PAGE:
Thursday, June 28, 2012
SCOTUS Upholds the Individual Mandate
Today, in a 5-4 ruling, the Supreme Court upheld the individual mandate portion of the Affordable Care Act, or "Obamacare". In the majority opinion, Justice Roberts said that the individual mandate was constitutional as a tax, but not as a penalty under the commerce clause as it had originally been pitched by supporters of the healthcare law.
"In this case, however, it is reasonable to construe what Congress has done as increasing taxes on those who have a certain amount of income, but choose to go without health insurance," Chief Justice John Roberts wrote in the majority opinion. "Such legislation is within Congress's power to tax."
While critics of the healthcare law have characterized the individual mandate as government "forcing" the American people to buy a product that they may not want or need, the majority ruling by the SCOTUS takes a different view. Their judgment was that the law doesn't force anyone to buy anything, it simply imposes a marginal tax on people who earn enough money to afford healthcare but choose not to.
What's the difference?
Well, under the individual mandate, anyone who still doesn't want to have health insurance doesn't ever have to get it. They can continue to go on with their lives without a health insurance plan. However, if that person earns enough money that they could afford health insurance if they wanted to, then they would have to pay a small tax as a penalty. This tax revenue would be used to offset the costs of providing medical care for the uninsured - which would include the individual being taxed.
Why is this a good thing?
One of the largest contributing factors to the skyrocketing cost of health insurance is the cost of covering uninsured patients. By law, hospitals cannot turn away anyone in need of life-saving medical care, so whenever an uninsured individual requires costly emergency care, those costs are eaten by the care providers. In order to offset these costs, providers charge more and more for their procedures, which means insurance companies pay more and then those costs are ultimately passed along to the consumer. In short, health insurance premiums are outrageously high because those with insurance have been paying for those without all this time.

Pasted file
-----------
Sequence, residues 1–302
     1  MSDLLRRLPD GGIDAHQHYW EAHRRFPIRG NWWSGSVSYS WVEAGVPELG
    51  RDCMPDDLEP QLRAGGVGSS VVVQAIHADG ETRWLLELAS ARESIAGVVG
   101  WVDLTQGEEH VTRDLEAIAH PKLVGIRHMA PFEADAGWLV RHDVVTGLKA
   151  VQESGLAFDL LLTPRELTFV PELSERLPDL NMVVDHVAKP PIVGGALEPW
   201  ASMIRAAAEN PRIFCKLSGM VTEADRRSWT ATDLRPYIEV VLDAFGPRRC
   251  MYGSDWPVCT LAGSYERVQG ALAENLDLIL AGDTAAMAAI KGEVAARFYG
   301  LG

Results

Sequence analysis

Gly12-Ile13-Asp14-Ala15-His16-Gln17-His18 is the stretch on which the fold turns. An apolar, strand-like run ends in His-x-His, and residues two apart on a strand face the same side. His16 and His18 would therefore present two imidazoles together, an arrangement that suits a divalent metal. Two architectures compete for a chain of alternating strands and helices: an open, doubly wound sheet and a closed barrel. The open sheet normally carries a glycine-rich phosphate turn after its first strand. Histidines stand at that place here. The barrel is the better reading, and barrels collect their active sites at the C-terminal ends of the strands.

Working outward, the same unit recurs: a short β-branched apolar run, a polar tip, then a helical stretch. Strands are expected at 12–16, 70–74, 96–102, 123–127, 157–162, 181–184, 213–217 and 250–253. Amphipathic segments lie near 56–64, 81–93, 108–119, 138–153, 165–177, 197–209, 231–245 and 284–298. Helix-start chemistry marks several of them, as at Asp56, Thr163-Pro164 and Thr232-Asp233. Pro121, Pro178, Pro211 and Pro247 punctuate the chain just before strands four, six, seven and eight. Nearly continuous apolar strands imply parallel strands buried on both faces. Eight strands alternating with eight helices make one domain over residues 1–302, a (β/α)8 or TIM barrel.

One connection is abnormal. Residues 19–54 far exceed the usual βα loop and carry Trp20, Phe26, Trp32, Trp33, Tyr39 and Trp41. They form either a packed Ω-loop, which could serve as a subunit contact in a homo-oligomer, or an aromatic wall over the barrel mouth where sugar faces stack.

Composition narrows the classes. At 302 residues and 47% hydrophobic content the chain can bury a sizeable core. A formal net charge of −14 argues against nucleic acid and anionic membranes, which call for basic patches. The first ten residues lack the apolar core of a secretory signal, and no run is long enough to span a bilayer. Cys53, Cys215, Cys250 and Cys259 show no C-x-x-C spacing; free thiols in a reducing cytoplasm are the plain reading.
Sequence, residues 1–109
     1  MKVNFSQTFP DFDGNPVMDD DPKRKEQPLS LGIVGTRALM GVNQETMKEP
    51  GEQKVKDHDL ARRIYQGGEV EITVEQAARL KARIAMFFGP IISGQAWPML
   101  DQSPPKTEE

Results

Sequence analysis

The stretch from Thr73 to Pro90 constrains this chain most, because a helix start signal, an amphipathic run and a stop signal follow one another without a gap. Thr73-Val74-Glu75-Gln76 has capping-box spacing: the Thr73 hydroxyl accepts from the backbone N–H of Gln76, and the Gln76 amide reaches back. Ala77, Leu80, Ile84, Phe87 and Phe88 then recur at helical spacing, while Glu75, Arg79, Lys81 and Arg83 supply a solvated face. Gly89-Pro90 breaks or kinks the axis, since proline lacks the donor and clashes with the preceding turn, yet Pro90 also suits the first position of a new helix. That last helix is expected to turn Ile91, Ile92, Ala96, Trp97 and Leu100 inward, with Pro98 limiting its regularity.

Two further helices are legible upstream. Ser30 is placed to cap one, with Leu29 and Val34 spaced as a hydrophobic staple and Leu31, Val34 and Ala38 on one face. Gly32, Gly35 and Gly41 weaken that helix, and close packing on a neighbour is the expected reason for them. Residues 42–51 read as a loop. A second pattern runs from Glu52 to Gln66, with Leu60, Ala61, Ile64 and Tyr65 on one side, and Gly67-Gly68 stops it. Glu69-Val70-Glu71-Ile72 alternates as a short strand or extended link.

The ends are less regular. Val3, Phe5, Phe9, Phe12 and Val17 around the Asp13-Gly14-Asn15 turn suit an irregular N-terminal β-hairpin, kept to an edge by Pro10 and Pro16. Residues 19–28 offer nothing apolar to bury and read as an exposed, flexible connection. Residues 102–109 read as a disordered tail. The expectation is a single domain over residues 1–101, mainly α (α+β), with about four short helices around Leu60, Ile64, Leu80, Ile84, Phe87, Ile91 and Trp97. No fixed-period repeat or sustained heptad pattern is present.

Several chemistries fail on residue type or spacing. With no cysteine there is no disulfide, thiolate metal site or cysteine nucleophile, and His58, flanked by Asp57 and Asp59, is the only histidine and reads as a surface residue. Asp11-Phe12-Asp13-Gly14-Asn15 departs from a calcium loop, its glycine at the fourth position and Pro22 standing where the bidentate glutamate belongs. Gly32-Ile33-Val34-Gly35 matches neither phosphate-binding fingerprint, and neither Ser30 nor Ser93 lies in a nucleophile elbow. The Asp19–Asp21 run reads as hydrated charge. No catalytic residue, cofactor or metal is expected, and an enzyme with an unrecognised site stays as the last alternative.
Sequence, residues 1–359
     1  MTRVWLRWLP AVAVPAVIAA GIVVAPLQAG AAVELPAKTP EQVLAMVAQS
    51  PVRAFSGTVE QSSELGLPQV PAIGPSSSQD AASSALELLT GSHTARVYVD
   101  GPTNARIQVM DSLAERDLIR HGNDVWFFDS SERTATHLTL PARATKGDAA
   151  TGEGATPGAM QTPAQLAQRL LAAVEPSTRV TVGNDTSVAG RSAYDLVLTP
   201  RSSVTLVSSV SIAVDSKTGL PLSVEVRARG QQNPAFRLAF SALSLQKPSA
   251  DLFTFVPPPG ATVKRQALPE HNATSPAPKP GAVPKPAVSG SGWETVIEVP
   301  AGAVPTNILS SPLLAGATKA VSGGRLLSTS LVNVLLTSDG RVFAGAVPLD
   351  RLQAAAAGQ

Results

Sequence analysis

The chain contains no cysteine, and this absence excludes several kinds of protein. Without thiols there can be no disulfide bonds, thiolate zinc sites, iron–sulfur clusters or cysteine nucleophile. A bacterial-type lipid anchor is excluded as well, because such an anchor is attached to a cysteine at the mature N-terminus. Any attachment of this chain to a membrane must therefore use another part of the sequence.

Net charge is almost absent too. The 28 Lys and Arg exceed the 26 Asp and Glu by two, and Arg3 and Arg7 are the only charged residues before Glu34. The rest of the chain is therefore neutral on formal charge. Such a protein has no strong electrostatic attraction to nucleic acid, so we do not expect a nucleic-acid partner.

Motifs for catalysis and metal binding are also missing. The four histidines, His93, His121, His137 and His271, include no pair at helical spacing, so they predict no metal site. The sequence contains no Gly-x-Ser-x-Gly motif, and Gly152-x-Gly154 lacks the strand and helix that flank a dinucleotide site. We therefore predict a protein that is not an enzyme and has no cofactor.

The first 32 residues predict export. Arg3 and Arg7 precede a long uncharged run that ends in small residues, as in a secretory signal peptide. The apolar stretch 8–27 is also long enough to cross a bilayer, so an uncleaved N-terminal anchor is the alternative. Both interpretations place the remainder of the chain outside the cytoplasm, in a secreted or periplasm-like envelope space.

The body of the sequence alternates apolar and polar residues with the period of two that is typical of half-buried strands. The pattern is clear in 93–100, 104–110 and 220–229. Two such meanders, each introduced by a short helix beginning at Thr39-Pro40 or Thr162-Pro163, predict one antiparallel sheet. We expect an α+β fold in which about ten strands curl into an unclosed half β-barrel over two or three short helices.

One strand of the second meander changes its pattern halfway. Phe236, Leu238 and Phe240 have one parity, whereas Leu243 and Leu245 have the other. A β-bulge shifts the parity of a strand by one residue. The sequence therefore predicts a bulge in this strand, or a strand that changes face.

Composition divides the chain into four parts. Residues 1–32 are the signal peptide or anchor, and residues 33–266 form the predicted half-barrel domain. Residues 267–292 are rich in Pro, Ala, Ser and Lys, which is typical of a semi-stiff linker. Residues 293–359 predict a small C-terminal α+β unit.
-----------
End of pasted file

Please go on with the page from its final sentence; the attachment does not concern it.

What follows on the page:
Under "Obamacare", the individual mandate "tax" on individuals who choose to go without healthcare but who could otherwise afford it goes to offset these costs. The result is that health insurance premiums would lower as the costs of providing care would also decline. When everyone has a pool of money to pay for healthcare, there's less need to overcharge in order to create a financial safety net. This exact scenario has played out in every industrialized nation on Earth with a nationalized healthcare system.
What does this mean for you?
Well, that's up for debate. Critics maintain that healthcare costs will rise under "Obamacare", while supporters insist that costs will decline. Critics say it will add to the national debt while supporters say it will actually reduce the deficit. What is not up for debate, however, is the fact that children will continue to be covered by their parents insurance until they're 26, people will not be denied coverage due to pre-existing conditions and those without health insurance will still be made to pay into the system in some small way for that inevitable moment when they have an undeniable need for medical care, so long as they are financially able to do so.
Sure, the Republicans may be up in arms about the individual mandate today, but let us not forget it was they who originally introduced the idea of the individual mandate back in 1997 when they were debating the merits of President Clinton's universal healthcare plan. Personally, I'm not a fan of the individual mandate as a means of ensuring adequate coverage for the general population, but I am a fan of having a national healthcare framework in place that provides quality, affordable treatment to everyone without pushing all the costs onto only those who have private health insurance. Today's ruling is one major step forward towards that reality.